There’s a good reason why crowds flock each April to the Northern Exposure Steer and Heifer Show in Belleville, Kansas.
“It’s probably the best show of the year,” exclaimed Amy Meysenburg, who co-owns Meysenburg Show Cattle with her husband Troy in Osceola, Neb. “Belleville is a big show with lots of friendly people,” Meysenburg explained as the event kicked off its 20th event year Sunday, April 21, inside the Eddie Valek Arena at the North Central Kansas Fairgrounds in Belleville.
The Meysenburg children relayed they work hard throughout the year to grow their cattle, and were excited about showing their groomed livestock. Excitedly joining the other 130 exhibitors, Trae Meysenburg, 14-years-old, won the Market Heifer class and earned Champion Intermediate Showman.
“We get attached to our animals. They almost become our pets by the time we get to the show,” Trae said.
Trae’s older sister, Tori, 17, won first in class with her Maine-Tainer breeding heifer, and third in class with her Purebred Charlois heifer.
“It boosts our pride to have a hard work ethic,” said Tori. “We rinse the cattle two to three times a day. It’s important to make sure they’re comfortable and not hot,” she said, as Trae and she fed their animals before show time.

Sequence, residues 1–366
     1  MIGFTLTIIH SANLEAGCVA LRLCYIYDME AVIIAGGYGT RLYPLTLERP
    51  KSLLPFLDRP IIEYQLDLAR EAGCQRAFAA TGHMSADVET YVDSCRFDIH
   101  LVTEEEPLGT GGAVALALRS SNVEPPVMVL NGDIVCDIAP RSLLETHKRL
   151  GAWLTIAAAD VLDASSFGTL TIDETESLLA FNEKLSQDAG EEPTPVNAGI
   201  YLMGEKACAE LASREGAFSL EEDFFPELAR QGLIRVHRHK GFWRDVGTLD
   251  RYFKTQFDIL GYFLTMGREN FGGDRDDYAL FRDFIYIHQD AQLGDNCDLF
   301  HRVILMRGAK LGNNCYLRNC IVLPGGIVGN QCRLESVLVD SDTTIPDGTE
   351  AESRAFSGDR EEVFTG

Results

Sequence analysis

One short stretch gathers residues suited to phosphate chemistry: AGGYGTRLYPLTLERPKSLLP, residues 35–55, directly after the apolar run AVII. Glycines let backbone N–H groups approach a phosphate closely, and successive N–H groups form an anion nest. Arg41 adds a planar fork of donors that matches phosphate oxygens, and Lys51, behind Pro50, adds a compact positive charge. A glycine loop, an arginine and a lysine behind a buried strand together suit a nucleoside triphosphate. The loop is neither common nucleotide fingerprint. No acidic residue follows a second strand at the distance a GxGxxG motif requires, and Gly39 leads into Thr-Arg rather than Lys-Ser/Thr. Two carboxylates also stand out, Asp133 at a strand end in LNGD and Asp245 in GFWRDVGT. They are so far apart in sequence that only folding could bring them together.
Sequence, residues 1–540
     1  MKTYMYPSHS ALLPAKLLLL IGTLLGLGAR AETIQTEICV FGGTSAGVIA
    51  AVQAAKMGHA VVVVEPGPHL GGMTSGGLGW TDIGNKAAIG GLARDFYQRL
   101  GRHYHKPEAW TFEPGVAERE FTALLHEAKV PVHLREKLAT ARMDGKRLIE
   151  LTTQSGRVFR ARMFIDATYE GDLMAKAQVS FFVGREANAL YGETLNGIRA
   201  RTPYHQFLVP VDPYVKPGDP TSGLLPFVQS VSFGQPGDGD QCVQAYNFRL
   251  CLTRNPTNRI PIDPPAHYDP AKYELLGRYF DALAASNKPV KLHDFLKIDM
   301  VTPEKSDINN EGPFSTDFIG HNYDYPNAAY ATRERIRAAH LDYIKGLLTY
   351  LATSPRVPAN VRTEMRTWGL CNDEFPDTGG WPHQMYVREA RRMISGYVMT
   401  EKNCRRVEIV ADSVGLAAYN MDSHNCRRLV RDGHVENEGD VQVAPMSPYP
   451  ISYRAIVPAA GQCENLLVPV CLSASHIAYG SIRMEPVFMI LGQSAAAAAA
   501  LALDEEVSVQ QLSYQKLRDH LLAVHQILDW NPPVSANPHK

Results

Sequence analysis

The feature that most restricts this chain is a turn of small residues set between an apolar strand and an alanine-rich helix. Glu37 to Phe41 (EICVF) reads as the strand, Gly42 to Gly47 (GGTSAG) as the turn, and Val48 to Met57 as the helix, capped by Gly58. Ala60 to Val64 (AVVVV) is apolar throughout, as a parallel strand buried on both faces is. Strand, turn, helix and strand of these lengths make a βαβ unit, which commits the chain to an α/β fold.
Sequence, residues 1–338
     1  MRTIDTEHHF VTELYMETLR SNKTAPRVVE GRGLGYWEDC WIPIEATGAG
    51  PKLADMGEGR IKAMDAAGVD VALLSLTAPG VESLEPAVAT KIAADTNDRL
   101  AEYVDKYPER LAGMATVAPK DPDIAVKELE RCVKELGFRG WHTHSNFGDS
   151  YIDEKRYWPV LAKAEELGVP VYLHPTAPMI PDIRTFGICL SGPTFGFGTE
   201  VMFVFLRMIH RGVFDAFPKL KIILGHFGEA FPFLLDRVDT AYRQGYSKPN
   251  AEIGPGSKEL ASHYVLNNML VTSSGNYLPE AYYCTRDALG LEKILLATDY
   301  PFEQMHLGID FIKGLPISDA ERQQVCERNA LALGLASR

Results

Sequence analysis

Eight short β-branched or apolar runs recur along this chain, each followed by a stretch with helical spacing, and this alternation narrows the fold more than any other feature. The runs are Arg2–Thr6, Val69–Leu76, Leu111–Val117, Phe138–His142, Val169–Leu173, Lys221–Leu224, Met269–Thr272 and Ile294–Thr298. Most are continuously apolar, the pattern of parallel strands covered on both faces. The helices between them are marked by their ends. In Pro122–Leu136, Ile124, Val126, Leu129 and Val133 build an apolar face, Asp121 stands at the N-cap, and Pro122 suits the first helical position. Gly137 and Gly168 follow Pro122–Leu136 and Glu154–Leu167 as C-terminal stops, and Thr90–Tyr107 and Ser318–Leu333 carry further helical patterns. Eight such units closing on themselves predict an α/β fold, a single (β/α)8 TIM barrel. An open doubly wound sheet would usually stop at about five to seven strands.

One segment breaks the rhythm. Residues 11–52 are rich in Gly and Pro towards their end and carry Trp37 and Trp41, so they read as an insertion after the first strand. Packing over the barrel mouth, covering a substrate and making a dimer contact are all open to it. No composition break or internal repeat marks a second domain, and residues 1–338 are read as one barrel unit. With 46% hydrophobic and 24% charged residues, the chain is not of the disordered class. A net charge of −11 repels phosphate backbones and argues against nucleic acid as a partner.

Their parents are strong role models for their kids who are in 4-H. Dad Troy spent much of his childhood in 4-H, and mom Amy grew up showing horses.
“Both Tori and Trae are very competitive and work hard on their livestock throughout the year. Going to the show is the pay-off for all the hard work,” said Amy, who included her nephew Seth Hoffman in the cattle show/family vacation. Seth showed a market heifer.
The top-dollar prizes at the Northern Exposure event went to four Nebraskans. Katlyn Ahrens, 18, won $1,000 for Overall Supreme Champion Heifer. Ahrens said it took a minute to absorb the announcement over the loud speaker, when she won.
“It was kind of a shock,” Ahrens told the Fence Post. “But it’s really great. A lot of work has paid off,” she added.
Sutton Bellar, 13-years-old of Wisner, Neb., earned Overall Reserve Champion Heifer and took home $500. Then, a $1,000 check was awarded to 15-year-old Jesse Hoblyn of York, Neb., for Overall Champion Market Steer.
Hoblyn shared his excitement, “I was hoping ...” Hoblyn smiled. “I’m excited!”
Overall Reserve Champion Market Animal (Steer) went to Beau Bremer, 18, of Albion, Neb., along with a $500 check.
“We were able to offer these prizes because of generous donations from our sponsors,” said Tiffiny Sasser; Treasurer of the Northern Exposure Show. “Also for this 20th anniversary show, special Director’s chairs were given to the Champion and Reserve in all the breed classes,” said Sasser. Each Director’s chair was emblazoned with a sponsor’s name on the rich, black canvas chair backing.